Christmas in Japan

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Only 1% of the Japanese population is Christians. Christmas is celebrated in a Christian way without the religious matrix.

Nevertheless, the Japanese people in general celebrate Christmas with inquisitive vigor that can compare to Christian believers. In Japan, you will discover a number of the common icons symbolizing Christmas filling up not just the actual homes but even communities. The Japanese market supplied the Christian nations around the world with supplies of festive products such as, Christmas toys, decorations, and trinkets. The Japanese community later on adopted these types of practices.The Nativity scene is very special and is usually given a space in every home.

They also have turkey for Christmas dinner, evergreens and mistletoe and Christmas trees in their stores and homes. Hoeiosho, is the Japanese equivalent of Santa Claus, who is a Buddhist monk who bears gifts for the children. The family members share gifts and send cards with the true meaning of giving and love. It’s hard to deny one of Japans traditions of Christmas is to spread love and romance.For the Japanese Christians a well known tradition for Christmas is spent raising money for charity. The children perform plays re-enacting the Nativity scene on Christmas Eve.

The Japanese are proficient at discovering traditions and things of great interest from abroad and making it something unique of their own which is truly Japanese. Unique Christmas traditions of Japan are as follows; Christmas Cakes, Fried Chicken, and Daiku. The cake is a decorated sponge cake with miniature figures of Santa Claus, flowers and trees. Fried chicken happens to be the traditional meal while the Daiku, (the Ninth Symphony of Beethoven), is the favorite music of the season.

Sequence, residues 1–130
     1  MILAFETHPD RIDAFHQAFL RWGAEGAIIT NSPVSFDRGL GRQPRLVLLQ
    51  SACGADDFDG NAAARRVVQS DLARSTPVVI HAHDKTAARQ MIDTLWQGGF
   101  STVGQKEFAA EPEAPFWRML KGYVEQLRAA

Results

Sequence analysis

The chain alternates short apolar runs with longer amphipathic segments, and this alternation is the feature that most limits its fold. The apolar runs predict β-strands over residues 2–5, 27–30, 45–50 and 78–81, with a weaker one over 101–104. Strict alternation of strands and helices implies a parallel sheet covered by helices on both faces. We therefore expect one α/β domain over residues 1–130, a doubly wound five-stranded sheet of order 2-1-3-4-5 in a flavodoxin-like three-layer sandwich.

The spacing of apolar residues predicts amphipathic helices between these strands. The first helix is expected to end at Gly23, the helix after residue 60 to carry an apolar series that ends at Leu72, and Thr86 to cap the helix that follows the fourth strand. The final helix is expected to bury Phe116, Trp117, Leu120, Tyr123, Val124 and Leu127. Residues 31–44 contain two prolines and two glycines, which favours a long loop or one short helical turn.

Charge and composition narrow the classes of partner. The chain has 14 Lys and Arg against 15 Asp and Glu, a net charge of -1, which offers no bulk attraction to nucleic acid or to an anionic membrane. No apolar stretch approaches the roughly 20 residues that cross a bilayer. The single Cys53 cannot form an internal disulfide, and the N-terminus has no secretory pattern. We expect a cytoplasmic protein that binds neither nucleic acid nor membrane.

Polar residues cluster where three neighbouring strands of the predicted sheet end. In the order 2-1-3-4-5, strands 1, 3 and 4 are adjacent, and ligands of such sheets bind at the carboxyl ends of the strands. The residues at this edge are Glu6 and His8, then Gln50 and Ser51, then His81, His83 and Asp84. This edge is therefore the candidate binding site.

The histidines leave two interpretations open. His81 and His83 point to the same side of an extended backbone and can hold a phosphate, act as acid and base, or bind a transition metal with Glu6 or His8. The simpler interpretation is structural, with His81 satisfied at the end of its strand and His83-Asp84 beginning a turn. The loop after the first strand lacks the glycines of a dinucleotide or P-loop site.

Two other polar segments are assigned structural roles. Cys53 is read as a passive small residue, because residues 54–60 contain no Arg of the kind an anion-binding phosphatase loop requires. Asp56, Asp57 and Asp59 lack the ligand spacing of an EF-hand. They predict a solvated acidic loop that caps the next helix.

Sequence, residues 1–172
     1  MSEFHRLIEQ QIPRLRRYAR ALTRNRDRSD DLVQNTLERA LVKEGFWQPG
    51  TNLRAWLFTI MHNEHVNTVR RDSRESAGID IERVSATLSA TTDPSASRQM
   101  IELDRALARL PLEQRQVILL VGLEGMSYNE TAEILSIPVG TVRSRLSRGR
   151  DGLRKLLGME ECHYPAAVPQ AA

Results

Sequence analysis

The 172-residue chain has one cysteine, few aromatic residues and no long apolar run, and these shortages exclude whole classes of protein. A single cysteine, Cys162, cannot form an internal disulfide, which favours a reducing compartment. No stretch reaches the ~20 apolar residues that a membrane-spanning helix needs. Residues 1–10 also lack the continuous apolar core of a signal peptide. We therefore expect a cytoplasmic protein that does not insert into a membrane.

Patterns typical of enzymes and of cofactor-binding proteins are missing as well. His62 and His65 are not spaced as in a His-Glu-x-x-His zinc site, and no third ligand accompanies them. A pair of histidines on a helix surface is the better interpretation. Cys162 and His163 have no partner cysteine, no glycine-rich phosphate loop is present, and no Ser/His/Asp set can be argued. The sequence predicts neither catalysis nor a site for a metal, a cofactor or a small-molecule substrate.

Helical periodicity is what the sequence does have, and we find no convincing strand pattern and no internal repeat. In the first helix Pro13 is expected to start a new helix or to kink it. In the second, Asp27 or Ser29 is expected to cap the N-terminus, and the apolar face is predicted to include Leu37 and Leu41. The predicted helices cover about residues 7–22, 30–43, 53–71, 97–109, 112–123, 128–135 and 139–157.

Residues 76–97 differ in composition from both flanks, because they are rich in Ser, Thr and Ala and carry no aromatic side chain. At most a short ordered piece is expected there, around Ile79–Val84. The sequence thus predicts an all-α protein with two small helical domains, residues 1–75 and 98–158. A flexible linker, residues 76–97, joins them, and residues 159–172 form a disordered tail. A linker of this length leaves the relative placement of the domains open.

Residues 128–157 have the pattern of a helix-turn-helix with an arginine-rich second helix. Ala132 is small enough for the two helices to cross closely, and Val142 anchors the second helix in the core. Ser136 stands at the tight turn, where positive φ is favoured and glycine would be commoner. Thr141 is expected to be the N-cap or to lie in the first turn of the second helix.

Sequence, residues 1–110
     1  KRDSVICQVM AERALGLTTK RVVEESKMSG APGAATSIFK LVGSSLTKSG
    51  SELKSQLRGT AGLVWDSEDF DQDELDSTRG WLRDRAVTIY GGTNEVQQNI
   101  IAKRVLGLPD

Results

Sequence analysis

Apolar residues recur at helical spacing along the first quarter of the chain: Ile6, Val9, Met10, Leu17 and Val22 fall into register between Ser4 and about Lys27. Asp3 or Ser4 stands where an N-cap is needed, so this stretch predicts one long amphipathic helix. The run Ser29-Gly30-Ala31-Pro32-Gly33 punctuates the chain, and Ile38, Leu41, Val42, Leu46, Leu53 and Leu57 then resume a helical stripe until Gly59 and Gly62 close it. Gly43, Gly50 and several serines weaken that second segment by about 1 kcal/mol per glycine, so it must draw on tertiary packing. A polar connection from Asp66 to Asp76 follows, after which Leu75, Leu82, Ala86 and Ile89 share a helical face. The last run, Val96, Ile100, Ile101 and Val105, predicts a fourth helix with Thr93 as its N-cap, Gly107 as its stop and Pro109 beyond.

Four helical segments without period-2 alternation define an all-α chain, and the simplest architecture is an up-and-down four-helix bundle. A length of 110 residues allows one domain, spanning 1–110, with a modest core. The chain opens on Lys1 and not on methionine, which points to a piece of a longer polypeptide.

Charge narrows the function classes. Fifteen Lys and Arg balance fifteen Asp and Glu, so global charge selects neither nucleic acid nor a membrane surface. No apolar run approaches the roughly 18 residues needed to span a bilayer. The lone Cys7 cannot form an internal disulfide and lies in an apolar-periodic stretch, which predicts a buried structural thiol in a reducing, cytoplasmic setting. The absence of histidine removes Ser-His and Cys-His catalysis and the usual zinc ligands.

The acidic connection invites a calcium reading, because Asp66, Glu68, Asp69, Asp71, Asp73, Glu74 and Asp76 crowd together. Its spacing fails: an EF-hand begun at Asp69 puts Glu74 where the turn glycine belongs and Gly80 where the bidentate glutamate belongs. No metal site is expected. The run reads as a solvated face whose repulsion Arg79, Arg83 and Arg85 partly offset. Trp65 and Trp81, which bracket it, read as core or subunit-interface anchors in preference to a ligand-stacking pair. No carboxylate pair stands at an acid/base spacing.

The most important day in the year is New Year’s Day, the only cultural or public celebration of the season. The houses are decorated and cleaned, then, to drive the evil spirits out, the father of the family marches through the house, accompanied by all of the family members. He throws dried beans into each and every corner ordering the evil spirits withdraw from the house and good luck replace the spirits. This is a manner influenced by the Chinese. This day seems to hold true traditions of Japan.

Japanese traditions although not performed religiously are very similar to those of the British festivities.